A Million-Dollar Car Wreck

C’mon. Admit it. When you read the headline you figured I was going to opine about Congress. Nah. Too easy. And besides. With Congress we’re talking about wrecks that total trillions of dollars.

So here’s a story that will give either hope — or pause — to those of you who are texting, fixing your hair, talking on the phone or stuffing you cheeks with a jelly doughnut while driving to work this morning. It appears that a car wreck over the weekend in Japan resulted in more than $1 million in damages. How would you like to be the insurance adjustor on this one? I digress.

Here’s the NYT article, “In Sports Car Pileup, a Spotlight on Japan’s Rich“:

TOKYO — A botched lane change led to a spectacular traffic pileup in Japan over the weekend that left a highway strewn with the smashed wreckage of eight Ferraris, a Lamborghini and three Mercedes sports cars.

The crash drew international attention not only for its stunning price — the vehicles collectively cost more than $1 million — but also for the rare glimpse of Japan’s superrich, who tend to avoid ostentatious public displays of wealth. Local police officials were quoted as saying that they had never seen so many expensive cars in one place, much less involved in a single accident.

News reports gave no names and few details about the cars’ drivers, beyond quoting police officials as saying their ages ranged from 37 to 60. But they clearly form a select group in Japan, where fewer than 500 Ferraris were sold last year.

The cars appeared to be part of an outing of luxury automobile enthusiasts, traveling north together from the island of Kyushu to a festival in the city of Hiroshima, on the southern end of the main island of Honshu. As the convoy sped through rain in the western prefecture of Yamaguchi, one of the Ferrari drivers, trying to change lanes, struck the median and spun out of control. Evasive maneuvers by other cars, which also included two Toyotas, sent them smashing into each other.

According to The Associated Press, 10 of the people involved in the wreck received treatment for minor injuries.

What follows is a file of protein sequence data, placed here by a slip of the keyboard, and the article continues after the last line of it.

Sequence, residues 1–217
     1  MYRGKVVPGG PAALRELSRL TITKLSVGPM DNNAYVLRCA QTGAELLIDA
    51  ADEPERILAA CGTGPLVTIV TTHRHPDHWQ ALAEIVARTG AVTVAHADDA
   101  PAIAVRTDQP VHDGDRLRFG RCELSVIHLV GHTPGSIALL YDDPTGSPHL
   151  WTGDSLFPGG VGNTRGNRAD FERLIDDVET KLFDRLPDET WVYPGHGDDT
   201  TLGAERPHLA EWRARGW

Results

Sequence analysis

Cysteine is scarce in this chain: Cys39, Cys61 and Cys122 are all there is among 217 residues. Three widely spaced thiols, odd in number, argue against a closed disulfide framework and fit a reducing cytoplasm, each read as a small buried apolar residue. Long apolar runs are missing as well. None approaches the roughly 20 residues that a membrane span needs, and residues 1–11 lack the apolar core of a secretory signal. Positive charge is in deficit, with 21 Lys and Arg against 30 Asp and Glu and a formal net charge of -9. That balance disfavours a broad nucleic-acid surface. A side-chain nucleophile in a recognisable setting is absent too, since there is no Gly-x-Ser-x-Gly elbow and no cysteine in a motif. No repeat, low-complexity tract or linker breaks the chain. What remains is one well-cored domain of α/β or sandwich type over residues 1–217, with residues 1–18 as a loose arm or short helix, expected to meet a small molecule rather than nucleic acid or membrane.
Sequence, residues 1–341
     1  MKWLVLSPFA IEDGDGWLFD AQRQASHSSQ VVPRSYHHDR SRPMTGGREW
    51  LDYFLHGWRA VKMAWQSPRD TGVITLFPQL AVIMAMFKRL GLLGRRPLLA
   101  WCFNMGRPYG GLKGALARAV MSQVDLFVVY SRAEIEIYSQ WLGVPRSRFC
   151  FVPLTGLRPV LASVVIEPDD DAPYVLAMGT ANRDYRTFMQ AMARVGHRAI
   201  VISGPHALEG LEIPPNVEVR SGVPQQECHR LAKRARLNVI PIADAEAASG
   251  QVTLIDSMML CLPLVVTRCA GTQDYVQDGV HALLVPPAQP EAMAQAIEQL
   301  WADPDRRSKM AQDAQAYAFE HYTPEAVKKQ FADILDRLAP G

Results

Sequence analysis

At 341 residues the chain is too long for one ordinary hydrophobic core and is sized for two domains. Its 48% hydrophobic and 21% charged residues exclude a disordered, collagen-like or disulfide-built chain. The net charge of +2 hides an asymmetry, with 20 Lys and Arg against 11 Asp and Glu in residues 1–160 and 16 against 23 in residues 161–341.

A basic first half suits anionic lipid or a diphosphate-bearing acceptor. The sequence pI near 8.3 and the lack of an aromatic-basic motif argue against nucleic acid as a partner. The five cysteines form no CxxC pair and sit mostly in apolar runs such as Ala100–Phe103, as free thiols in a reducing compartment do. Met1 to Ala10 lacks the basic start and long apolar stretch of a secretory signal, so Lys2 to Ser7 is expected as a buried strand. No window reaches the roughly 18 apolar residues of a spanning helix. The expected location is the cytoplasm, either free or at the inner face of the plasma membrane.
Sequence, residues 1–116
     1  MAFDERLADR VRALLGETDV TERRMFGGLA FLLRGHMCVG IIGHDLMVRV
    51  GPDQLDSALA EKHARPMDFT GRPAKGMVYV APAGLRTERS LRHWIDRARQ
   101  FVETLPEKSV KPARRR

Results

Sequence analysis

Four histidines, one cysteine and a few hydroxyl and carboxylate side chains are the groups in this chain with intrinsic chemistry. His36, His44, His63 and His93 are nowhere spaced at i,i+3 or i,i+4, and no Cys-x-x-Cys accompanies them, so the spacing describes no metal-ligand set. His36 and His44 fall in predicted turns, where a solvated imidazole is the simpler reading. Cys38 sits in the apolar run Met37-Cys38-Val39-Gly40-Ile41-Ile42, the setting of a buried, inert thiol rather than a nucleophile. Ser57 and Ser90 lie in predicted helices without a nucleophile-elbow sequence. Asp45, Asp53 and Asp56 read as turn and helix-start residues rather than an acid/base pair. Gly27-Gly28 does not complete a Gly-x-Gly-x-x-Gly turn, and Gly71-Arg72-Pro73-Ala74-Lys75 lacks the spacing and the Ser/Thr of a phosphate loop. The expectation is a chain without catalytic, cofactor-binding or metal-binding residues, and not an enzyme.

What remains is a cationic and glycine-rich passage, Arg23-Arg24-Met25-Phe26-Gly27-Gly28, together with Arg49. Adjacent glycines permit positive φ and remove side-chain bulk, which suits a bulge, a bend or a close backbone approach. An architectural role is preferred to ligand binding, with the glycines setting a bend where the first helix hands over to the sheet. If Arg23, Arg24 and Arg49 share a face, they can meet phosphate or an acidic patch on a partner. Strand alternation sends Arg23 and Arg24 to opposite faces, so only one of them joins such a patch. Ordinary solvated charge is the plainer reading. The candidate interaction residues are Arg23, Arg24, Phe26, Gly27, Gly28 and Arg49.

News reports quoted eyewitnesses as saying that at the time of the accident, the procession appeared to be traveling at 85 to 100 miles per hour, well over the speed limit of 60.

Bloomberg News quoted a traffic official, Mitsuyoshi Isejima, as saying that the driver suspected of causing the pileup, a 60-year-old self-employed man, could face up to three months in prison or a fine of 100,000 yen, about $1,300.

The police closed the highway for six hours as they cleared away the ruined vehicles. Television footage showed several red Ferraris with bumpers or engine hoods torn off, bodies crumpled. One had plowed nose-first into a guardrail.

Mr. Isejima, for one, had little sympathy.

“It was a gathering of narcissists,” Bloomberg quoted him as saying.

If you were the driver of the car that caused this debacle, I guess all you could say to your former friends and associates would be: “My bad.”

And gee. “A gathering of narcissists.”

Wow. For a minute there I thought someone was talking about members of Congress.

Advertisements

One response to “A Million-Dollar Car Wreck

  1. Me and my fellow high-performance drivng instructors have been laughing about this story since it broke. Why? Because none of us are surprised. Everyone believes they’re an above average driver, despite most having no formal training after age 16. Just because you can operate a Camry with your hands at 9 and 3 doesn’t mean you can handle the huge horsepower and sometimes unusual handling of a mid-engined supercar which, if you provoke it, will behave like a dart thrown backwards. More proof that money doesn’t buy talent. Learning that lesson in a safe, track environment would have been far less expensive and embarrassing.

Leave a Reply

Fill in your details below or click an icon to log in:

WordPress.com Logo

You are commenting using your WordPress.com account. Log Out / Change )

Twitter picture

You are commenting using your Twitter account. Log Out / Change )

Facebook photo

You are commenting using your Facebook account. Log Out / Change )

Google+ photo

You are commenting using your Google+ account. Log Out / Change )

Connecting to %s